In 1917, Alice Paul and the NWP began picketing the White House -- the first time ever anyone had protested there. When World War I started, people felt that the nonviolent protests by these “Silent Sentinels” was disloyal. The women were harassed and beaten, and were repeatedly arrested and jailed on charges of “obstructing traffic.” The women were sent to the Occoquan Workhouse (prison) in Virginia and the District Jail in DC.[2] Prison conditions were awful. In October 1917, Alice Paul and others went on a hunger strike in protest. In response, the prison guards restrained and force-fed her through a tube. In November 1917, the superintendent of Occoquan ordered over forty guards to attack the Silent Sentinels. Battered, choked, and beaten, some to unconsciousness, the women described it as the “Night of Terror.”

Nevertheless, Paul and the NWP continue to organize protests outside the White House until 1919, when Congress voted to send the Susan B. Anthony Amendment to the states for ratification. In 1920, the required 36 states ratified the Susan B. Anthony Amendment, making it the 19th Amendment to the US Constitution. The 19th Amendment paved the way for most women to vote by removing sex as legitimate legal reason to deny a woman the right to vote.

Paul believed the vote was just the first step in the quest for full gender equality. In 1922, she reorganized the NWP with the goal of eliminating all discrimination against women. On July 20, 1923, 75 years after the first women's rights convention in 1848, Paul introduced the Equal Rights Amendment (ERA), also known as the Lucretia Mott Amendment, in Seneca Falls, NY.[3] It launched what would be a lifelong campaign to win full equality for women. In 1929, the National Woman’s Party moved into a permanent headquarters in the Sewell House on Capitol Hill. The NWP renamed the house the Alva Belmont House in honor of their primary benefactor.[4]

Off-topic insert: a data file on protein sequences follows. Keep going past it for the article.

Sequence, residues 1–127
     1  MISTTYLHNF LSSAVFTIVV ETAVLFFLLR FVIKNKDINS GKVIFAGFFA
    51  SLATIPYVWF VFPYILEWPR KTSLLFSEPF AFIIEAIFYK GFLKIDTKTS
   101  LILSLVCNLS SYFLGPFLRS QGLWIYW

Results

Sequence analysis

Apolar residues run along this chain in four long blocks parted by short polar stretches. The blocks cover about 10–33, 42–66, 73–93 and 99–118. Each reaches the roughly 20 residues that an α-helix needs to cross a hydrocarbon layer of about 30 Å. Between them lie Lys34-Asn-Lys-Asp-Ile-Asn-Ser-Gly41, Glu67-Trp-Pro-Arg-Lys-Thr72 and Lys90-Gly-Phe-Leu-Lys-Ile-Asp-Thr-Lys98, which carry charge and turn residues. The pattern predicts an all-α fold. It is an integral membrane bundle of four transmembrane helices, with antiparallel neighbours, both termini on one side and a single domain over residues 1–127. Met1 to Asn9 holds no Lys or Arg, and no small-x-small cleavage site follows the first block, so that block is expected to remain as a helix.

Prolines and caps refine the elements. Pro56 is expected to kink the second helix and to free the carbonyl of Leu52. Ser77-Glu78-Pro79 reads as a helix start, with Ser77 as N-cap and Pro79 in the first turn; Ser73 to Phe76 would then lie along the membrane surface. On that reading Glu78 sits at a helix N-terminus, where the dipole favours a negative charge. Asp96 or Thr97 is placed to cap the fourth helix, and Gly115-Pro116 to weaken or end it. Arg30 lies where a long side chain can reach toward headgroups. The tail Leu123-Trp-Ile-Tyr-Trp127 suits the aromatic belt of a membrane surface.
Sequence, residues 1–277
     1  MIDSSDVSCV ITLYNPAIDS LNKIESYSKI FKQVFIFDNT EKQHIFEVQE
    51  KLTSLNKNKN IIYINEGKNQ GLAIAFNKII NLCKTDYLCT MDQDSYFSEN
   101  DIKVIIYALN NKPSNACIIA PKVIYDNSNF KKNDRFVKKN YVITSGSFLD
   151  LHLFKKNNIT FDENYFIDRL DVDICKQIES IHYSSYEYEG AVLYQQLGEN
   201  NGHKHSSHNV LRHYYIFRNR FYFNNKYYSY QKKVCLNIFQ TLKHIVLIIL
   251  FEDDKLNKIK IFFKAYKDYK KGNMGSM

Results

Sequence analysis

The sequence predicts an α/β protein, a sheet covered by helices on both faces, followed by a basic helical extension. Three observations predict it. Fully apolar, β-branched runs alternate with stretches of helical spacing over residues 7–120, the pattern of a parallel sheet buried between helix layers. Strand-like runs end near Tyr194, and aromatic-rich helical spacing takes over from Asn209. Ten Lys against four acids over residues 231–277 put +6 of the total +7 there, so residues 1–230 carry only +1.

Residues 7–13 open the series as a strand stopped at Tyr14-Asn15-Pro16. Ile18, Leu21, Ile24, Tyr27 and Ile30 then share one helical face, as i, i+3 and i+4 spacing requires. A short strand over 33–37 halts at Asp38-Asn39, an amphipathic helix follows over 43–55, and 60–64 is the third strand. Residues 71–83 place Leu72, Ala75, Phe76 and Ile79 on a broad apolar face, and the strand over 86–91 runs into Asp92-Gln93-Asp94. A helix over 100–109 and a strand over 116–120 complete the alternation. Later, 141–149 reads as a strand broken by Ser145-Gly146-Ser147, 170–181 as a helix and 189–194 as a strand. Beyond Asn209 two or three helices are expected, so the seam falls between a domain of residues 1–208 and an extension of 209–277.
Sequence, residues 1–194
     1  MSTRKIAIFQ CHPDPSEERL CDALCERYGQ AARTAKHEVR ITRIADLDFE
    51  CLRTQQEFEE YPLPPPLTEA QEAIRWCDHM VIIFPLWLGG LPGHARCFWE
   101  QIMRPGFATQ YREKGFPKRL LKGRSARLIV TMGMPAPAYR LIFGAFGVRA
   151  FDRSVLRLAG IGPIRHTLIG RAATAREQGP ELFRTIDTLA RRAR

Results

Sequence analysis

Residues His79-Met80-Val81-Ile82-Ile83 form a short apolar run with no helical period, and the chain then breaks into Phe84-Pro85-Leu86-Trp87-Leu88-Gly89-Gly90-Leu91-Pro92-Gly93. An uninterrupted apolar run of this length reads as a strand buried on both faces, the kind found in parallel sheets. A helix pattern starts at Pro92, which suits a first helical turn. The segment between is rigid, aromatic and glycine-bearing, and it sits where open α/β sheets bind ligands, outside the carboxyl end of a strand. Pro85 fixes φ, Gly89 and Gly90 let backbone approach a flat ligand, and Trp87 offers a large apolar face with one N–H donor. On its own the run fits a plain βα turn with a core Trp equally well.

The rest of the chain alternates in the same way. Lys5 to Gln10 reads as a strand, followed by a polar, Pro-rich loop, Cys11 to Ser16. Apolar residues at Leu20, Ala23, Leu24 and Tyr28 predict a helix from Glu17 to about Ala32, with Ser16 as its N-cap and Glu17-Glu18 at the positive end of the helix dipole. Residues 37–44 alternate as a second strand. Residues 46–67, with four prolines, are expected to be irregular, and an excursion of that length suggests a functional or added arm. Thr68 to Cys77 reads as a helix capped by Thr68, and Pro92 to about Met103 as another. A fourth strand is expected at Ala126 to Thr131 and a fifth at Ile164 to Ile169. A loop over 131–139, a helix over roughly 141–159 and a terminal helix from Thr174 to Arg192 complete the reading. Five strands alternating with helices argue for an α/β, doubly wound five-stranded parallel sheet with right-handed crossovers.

Concerned not only with the rights of American women, but also with those of women around the world, Paul founded the World Woman’s Party, which served as the NWP’s international organization until 1954. In 1945, she was instrumental in incorporating language regarding women’s equality in the United Nations Charter, and in establishing a permanent UN Commission on the Status of Women. In the 1960s, she also played a role in getting sex included in the Civil Rights Act of 1964 that prohibits discrimination based on race, color, religion, sex, or national origin.

Alice died in 1977 at a Quaker facility in Moorestown, New Jersey. She is remembered as a tireless, devoted pioneer in the fight for women’s rights, and her legacy is still felt by women around the world today.

[1] Alice Paul’s birthplace, known as Paulsdale, was listed on the National Register of Historic Places on July 5, 1989 and designated a National Historic Landmark on December 4, 1991.

[2] The Occoquan Workhouse was listed on the National Register of Historic Places as part of the DC Workhouse and Reformatory Historic District on February 16, 2006.

[3]  Women’s Rights National Historical Park preserves the sites associated with the 1848 Women’s Rights Convention in Seneca Falls, NY.

[4] The building that the NWP moved in to is the oldest standing building in the Capitol Hill area. Known as the Alva Belmont House and the Sewell-Belmont House, it was listed on the National Register of Historic Places on June 16, 1972, and designated a National Historic Landmark on May 30, 1974. It was designated the Belmont-Paul Women’s Equality National Monument, a unit of the National Park Service, on April 12, 2016.

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Belmont-Paul Women's Equality National Monument

Last updated: January 6, 2023